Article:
Song Review: Cody Johnson, “‘Til You Can’t”

You can put off reviewing a song to cover other topics…”‘Til You Can’t.”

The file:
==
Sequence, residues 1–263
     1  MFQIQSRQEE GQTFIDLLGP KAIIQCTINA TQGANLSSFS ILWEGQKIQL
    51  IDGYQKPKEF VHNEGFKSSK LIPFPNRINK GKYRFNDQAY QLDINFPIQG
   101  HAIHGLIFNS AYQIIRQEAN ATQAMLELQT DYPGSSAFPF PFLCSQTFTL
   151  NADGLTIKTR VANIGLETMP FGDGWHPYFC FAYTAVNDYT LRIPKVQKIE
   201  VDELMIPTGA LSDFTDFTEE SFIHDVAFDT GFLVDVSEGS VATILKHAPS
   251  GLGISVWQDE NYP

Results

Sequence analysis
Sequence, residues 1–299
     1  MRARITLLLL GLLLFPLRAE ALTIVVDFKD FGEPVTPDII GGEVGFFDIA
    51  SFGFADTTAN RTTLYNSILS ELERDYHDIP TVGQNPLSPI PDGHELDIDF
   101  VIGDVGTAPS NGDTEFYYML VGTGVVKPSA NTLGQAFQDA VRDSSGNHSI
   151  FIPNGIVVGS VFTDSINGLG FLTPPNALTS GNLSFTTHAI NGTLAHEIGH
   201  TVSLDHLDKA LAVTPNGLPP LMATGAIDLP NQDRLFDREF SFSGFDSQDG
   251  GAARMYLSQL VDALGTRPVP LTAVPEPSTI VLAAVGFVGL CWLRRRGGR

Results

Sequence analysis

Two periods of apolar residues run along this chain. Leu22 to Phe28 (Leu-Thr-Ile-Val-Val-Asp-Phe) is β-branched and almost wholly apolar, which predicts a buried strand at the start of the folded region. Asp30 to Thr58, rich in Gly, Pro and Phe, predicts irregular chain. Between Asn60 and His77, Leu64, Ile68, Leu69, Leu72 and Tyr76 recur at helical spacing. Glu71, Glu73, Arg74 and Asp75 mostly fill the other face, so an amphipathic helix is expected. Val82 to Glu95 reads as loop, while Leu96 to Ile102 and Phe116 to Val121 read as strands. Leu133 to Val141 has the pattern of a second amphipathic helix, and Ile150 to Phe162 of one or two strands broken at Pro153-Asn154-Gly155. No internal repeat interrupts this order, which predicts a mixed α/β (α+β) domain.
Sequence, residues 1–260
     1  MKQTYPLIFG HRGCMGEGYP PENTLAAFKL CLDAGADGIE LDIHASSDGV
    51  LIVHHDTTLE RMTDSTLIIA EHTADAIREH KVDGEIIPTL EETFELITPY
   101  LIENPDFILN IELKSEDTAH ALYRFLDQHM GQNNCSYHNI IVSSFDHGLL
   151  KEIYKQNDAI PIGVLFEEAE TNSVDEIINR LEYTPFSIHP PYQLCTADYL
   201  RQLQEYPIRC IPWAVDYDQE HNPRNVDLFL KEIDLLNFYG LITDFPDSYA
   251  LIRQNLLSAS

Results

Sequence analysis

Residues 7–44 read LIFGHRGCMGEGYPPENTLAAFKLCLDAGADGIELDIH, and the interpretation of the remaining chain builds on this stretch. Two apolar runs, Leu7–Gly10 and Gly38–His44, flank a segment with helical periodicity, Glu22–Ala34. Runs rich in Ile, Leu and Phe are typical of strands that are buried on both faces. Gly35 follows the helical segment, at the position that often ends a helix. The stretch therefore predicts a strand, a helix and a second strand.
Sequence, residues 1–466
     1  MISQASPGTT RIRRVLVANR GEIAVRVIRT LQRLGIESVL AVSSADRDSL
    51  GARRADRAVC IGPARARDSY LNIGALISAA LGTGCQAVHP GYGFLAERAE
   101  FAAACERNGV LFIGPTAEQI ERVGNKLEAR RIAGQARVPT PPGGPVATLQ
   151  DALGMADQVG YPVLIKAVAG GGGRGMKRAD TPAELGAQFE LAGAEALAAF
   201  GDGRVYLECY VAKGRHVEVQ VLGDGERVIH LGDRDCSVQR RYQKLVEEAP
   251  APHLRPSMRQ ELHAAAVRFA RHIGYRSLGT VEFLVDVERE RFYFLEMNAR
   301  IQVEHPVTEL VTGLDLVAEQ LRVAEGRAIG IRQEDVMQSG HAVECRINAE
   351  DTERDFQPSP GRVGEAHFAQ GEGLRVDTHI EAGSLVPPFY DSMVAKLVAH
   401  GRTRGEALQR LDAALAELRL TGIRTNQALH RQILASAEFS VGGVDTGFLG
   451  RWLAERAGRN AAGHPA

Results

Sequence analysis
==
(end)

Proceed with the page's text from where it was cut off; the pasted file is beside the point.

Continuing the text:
A few years ago, Cody Johnson seemed primed for success, making the leap from the Texas independent scene to mainstream country music at a time that the genre seemed to be shifting back towards more-traditional material. The shift never materialized, however, and acts that were banking on it (Midland, anyone?) were pushed to the fringes of the Nashville scene. Johnson went from narrowly missing the Billboard Top Ten in 2018 with “On My Way To You” to completely missing the top fifty with “Nothin’ On You,” and last year’s collaboration with Reba McEntire “Dear Rodeo” still hit a wall outside of the top thirty. Despite it all, however, Johnson kept plugging along, dropping a double album Human last month and releasing “‘Til You Can’t” as the leadoff single for the project. While the song follows Johnson’s typical formula and thus is probably doomed at radio (although it has made it to #40 on Mediabase so far…), it’s easily my favorite Johnson single since “With You I Am,” and it’s a poignant reminder of a) the things that we all casually put off when we really shouldn’t, and of b) what country music should aim to do in the modern era.